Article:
in the Government Granary (a large Saturday, Oct. 12.—Rain, which brick building) to about sixty peocame on last evening, set in to-day, ple, including soldiers and convicts. and detained us at this farm till noon, After service, I visited a few of the when the weather cleared up, and settlers' huts, and found the parents' the evening proved beautiful. Our cleanly and the children even exroad now lay over a succession of pensively dressed. Rum, the bane plains, still more clear and fine than of colonies, has scarcely yet found its O'Connell plains. These are called, way over the mountains; and hapMacquarie plains and Bathurst pily the town of Bathurst is not yet plains. In the former the Fish river large enough to support a publicjoins the Macquarie. Arrived in house. The afternoon proved stormy, good time at the township of Ba- and the night rainy. thurst. Here we set up our rest, Monday, Oct. 14.–Cloudy mornand pitched our tent for the sabbath ing with constant rain all day, which on the naturally cleared land of the confined me to my tent from my inwinding banks of the Macquarie, tended excursions round Bathurst. which are here and there edged with The river is rising rapidly. a few casuarinæ. I could hardly Tuesday, Oct. 15.-Morning windy believe I was travelling in New Hol- and cloudy, but the day proved fair. land this day; so different—so En- The Macquarie very high and still glish—is the character of the scenery rising. Left Bathurst at half past -downs, meadows, and streams in 10 o'clock for the Stock-location of a the flat-no side-scenes of eucalyp- Cisalpine settler at King's Plains, tus. But by “ the white daisy of the 25 miles to the SW. through Queen sod,” I suppose Mr. Evans must mean Charlotte's Valley, and arrived there either the gnaphalium or the aster. before sun-set ;-a beautiful ride The scarcity of wood now takes through fertile plains (Evans's), or away the American log appearance thinly dwarfly wooded grazing land, of the cottages: they build of turf richly watered with creeks and here, and roof with straw or reeds, swamps (which horned cattle love) instead of wooden shingles. You emptying themselves into the Macmay see as far as the eye can reach; quarie river. These (after the late stockmen, cattle, and sheep occa- rains) assumed the appearance of rasionally form your horizon, as in Old pid streams or boggy land, but the Holland ;-a Paul Potter or Cuyp spring-grass promised all the better, effect, rare in New Holland. At and the water soon drains off the unsun-set, we saw wooded hills, dis- dulations of this beautiful country. tant enough to display that golden The waters abounded with fine black blue or purple, which landscape- ducks, two of which formed our suppainters love. The smoke of the lit- per; and we saw a pair of that species tle village of Bathurst is seen for of bittern, called by the colonists the miles off, which that of no other town native companions (ardea antigone), in Australia is. These things may fly elegantly over our heads. seem trifling to an English reader; Procured a cod-fish from a creek but by an American, or an Austras of the river Macquarie, which we lian, accustomed to travel through crossed in our way, weighing ninethe eternal valley of the shadow of teen pounds. This is truly a land monotonous woods, the chance of flowing with milk and honey, if there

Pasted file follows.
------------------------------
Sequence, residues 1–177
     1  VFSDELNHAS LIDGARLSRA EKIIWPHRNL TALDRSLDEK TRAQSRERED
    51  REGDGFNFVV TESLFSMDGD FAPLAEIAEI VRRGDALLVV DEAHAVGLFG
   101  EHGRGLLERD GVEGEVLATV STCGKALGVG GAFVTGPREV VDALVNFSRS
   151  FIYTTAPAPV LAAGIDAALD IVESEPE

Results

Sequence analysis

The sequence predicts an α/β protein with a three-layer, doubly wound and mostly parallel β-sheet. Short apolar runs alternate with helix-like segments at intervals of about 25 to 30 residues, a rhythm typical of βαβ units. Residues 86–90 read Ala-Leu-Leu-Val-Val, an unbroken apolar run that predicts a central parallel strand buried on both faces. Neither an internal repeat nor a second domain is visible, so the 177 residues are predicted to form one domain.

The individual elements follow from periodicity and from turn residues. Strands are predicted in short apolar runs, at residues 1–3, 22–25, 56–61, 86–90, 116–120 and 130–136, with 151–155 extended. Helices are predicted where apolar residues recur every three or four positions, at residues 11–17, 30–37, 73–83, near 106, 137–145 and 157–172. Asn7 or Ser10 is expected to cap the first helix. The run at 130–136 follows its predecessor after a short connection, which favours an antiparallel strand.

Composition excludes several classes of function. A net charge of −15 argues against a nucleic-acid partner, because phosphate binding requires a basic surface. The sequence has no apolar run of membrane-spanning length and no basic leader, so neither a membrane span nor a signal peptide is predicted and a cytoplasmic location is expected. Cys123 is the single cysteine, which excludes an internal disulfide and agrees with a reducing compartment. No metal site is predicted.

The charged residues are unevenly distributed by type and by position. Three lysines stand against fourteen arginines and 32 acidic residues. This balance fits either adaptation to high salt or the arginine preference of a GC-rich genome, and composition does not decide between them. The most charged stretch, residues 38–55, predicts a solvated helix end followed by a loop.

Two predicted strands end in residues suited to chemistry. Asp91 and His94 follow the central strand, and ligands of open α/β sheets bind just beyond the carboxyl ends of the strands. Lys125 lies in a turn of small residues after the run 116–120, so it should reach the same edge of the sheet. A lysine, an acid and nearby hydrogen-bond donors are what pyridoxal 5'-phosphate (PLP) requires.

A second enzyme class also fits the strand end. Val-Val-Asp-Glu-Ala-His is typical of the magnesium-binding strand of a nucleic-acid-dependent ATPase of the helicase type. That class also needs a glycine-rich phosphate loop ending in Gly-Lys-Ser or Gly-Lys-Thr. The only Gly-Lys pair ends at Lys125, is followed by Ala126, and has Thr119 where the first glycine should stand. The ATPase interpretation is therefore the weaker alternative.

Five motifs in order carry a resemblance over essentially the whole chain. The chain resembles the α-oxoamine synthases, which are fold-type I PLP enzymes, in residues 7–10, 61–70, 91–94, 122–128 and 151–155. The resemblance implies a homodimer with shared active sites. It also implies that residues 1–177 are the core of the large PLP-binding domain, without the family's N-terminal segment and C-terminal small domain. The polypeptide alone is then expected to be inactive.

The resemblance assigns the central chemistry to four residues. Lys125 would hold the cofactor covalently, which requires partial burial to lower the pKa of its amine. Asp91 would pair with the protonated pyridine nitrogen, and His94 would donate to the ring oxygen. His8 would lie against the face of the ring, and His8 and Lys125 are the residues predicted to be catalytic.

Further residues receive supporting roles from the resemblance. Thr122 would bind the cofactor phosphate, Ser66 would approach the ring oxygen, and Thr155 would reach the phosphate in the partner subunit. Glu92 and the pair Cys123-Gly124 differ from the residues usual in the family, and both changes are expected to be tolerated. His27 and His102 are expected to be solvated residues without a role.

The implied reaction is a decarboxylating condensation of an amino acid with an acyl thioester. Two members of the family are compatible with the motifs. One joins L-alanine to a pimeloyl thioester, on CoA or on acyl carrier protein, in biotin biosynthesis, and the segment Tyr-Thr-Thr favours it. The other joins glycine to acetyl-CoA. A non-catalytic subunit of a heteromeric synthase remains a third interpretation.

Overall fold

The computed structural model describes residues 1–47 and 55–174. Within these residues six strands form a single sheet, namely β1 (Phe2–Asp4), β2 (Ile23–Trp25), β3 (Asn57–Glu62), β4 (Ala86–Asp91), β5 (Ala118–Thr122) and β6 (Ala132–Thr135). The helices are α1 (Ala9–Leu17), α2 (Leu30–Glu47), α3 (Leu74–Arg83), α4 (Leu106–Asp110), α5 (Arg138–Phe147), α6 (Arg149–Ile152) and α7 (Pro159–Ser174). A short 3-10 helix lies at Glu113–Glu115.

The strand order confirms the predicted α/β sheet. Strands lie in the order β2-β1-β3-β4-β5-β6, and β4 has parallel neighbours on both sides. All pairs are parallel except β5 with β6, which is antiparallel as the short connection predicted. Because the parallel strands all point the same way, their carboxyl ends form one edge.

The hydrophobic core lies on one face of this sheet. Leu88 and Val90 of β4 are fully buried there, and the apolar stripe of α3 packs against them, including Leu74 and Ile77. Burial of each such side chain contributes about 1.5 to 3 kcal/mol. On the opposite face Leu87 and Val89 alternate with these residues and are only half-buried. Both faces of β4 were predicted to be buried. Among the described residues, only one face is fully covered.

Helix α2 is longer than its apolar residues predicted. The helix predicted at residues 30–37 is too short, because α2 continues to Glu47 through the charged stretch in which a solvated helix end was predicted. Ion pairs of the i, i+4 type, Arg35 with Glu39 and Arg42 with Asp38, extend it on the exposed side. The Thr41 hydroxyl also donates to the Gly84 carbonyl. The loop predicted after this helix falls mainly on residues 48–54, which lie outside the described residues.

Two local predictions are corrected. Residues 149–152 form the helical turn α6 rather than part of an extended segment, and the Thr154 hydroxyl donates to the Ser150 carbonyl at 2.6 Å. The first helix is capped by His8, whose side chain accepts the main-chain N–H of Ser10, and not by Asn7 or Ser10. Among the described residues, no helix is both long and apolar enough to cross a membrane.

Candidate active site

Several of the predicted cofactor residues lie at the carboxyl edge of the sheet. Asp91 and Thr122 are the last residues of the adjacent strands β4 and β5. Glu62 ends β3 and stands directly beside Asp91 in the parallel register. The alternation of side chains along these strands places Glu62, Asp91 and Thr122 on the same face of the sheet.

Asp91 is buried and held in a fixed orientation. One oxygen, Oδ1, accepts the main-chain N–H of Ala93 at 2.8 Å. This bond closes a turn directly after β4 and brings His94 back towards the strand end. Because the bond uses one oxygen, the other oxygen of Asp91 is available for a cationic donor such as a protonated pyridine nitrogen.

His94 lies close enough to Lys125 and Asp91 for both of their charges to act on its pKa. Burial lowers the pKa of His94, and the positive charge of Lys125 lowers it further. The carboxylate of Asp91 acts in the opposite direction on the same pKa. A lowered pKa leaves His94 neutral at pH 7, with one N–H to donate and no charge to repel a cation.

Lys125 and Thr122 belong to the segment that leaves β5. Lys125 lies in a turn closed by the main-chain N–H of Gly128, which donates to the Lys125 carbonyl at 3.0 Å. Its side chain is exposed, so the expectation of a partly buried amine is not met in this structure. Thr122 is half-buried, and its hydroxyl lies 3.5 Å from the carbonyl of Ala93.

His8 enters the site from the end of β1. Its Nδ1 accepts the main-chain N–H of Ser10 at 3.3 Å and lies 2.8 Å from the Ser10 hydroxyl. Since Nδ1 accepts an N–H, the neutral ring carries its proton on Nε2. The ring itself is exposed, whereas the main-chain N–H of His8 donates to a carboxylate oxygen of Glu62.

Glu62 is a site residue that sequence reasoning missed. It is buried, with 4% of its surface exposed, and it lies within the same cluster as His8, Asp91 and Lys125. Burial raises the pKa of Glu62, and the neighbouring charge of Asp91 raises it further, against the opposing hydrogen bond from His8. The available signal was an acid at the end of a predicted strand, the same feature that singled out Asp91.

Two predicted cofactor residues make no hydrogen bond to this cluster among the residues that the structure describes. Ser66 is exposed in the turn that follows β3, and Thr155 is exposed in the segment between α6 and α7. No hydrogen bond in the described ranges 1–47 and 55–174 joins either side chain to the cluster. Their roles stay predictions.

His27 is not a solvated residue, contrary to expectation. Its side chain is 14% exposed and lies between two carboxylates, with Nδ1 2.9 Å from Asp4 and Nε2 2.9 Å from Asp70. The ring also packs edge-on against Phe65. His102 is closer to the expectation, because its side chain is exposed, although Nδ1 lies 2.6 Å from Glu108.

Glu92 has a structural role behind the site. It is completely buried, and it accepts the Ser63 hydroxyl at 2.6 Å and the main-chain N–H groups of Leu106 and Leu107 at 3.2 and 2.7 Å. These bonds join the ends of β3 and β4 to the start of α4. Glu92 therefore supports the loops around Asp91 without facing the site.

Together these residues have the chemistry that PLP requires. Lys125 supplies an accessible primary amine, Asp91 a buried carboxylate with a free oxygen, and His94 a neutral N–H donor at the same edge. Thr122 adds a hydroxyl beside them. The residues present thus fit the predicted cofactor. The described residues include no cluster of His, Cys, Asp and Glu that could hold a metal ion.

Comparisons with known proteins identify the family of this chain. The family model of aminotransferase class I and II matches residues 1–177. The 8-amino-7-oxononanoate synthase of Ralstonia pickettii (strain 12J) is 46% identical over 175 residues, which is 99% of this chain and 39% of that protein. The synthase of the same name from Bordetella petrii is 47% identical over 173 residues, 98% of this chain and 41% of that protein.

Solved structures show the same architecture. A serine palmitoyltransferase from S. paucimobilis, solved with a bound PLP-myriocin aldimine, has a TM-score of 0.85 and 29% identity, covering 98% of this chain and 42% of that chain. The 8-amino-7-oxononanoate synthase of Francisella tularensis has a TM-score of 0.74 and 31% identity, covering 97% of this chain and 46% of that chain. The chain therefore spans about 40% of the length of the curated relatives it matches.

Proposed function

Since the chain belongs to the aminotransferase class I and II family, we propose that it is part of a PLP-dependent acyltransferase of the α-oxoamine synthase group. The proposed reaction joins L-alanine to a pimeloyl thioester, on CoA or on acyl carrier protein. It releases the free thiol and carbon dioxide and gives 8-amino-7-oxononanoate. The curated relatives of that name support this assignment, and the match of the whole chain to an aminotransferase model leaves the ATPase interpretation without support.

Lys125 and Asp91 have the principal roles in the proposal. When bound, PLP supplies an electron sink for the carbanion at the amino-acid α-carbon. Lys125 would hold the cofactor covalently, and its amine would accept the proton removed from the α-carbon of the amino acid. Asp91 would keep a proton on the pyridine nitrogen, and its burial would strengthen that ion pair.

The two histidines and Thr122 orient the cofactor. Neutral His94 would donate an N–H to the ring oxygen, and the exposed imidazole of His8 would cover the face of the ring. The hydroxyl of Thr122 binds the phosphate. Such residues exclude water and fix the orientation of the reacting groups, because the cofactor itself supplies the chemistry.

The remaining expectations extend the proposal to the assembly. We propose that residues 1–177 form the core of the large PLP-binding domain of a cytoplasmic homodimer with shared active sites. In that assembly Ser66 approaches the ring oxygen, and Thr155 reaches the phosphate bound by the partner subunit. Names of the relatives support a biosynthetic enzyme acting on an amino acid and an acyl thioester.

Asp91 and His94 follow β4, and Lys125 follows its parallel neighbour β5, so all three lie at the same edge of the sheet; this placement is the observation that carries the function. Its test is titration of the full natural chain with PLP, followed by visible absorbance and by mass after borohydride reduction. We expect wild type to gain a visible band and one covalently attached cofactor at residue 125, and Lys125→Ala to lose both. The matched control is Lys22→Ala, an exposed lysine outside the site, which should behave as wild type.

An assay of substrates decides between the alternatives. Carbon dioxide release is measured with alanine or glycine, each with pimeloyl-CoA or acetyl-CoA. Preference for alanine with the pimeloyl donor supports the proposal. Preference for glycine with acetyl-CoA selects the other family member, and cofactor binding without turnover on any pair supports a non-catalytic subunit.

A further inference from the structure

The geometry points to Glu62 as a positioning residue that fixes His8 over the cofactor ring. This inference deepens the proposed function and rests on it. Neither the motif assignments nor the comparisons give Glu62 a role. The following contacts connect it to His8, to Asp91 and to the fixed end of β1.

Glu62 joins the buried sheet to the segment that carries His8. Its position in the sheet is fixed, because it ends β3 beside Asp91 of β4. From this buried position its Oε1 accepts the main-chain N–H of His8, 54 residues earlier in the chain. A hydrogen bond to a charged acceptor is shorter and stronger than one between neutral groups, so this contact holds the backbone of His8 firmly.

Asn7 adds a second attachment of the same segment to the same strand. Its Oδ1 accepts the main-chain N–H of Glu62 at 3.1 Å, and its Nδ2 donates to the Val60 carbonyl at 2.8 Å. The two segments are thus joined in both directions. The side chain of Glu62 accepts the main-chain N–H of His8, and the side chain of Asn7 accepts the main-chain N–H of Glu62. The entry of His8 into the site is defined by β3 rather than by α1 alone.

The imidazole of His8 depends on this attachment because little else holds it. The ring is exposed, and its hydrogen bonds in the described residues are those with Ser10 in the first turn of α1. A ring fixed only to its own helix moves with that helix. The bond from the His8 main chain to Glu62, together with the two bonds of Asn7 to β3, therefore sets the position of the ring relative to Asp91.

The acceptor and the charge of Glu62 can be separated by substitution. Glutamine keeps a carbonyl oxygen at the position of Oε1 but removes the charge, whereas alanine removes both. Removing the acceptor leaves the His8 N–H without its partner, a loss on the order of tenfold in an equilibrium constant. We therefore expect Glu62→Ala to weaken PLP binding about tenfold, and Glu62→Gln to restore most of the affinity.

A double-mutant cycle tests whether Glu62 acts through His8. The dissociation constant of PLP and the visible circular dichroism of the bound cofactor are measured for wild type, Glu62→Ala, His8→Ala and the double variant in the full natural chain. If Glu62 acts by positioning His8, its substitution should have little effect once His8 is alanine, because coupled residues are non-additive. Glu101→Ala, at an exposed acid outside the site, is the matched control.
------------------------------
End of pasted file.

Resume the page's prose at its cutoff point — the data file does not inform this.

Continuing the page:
were but dairymen and bees. The who have a passion for a bush-rangsettlers' convict-servants (stockmen ing life, to commit a capital crime by and sheep watch-men) do little but stealing the calves. drone about their filthy turf-huts, The country which I rode over toand have as much milk, fish, mut- day is of the same description as that ton, and flour, as they can eat and of yesterday. Saw hundreds of ducks drink. The stockmen do not see in the streams, black, musk, and their cattle once in six months per- wood-ducks: also another pair of haps ; and the shepherds are propor- native companions; and quails, tionally negligent. The settler who snipes, cockatoos, parrots, and par. would live on his own farm could roquets without number. not fail to thrive in a country like Thursday, Oct. 17-Still settled this.